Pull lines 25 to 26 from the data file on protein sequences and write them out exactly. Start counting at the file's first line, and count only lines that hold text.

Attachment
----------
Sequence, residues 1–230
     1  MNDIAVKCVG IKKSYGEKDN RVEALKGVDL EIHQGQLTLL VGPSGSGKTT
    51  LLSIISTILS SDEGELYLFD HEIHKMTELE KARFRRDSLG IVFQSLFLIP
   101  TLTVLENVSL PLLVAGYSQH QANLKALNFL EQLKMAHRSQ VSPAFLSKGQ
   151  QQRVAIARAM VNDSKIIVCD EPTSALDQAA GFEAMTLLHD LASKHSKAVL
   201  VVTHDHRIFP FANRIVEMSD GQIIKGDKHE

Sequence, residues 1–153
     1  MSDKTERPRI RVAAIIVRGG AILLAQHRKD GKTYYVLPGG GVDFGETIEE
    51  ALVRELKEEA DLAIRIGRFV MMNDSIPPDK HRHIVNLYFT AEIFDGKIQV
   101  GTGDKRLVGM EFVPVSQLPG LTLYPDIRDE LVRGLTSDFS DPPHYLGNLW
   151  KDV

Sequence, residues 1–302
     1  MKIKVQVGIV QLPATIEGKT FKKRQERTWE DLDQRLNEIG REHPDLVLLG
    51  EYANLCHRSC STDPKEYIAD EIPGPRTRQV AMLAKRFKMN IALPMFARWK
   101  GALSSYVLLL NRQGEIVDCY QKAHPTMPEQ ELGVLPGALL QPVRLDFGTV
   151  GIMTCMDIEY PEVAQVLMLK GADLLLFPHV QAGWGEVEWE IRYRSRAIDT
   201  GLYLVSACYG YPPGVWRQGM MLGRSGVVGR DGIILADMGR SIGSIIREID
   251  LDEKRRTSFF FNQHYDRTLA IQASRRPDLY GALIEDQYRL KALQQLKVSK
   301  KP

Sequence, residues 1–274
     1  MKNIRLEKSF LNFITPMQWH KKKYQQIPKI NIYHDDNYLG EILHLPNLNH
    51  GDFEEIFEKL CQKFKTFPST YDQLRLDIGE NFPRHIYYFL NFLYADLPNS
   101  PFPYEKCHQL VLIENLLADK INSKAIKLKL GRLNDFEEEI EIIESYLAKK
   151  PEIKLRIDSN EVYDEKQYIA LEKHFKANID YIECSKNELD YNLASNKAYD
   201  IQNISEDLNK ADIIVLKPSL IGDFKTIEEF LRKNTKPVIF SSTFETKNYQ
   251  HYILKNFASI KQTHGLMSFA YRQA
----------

   201  IQNISEDLNK ADIIVLKPSL IGDFKTIEEF LRKNTKPVIF SSTFETKNYQ
   251  HYILKNFASI KQTHGLMSFA YRQA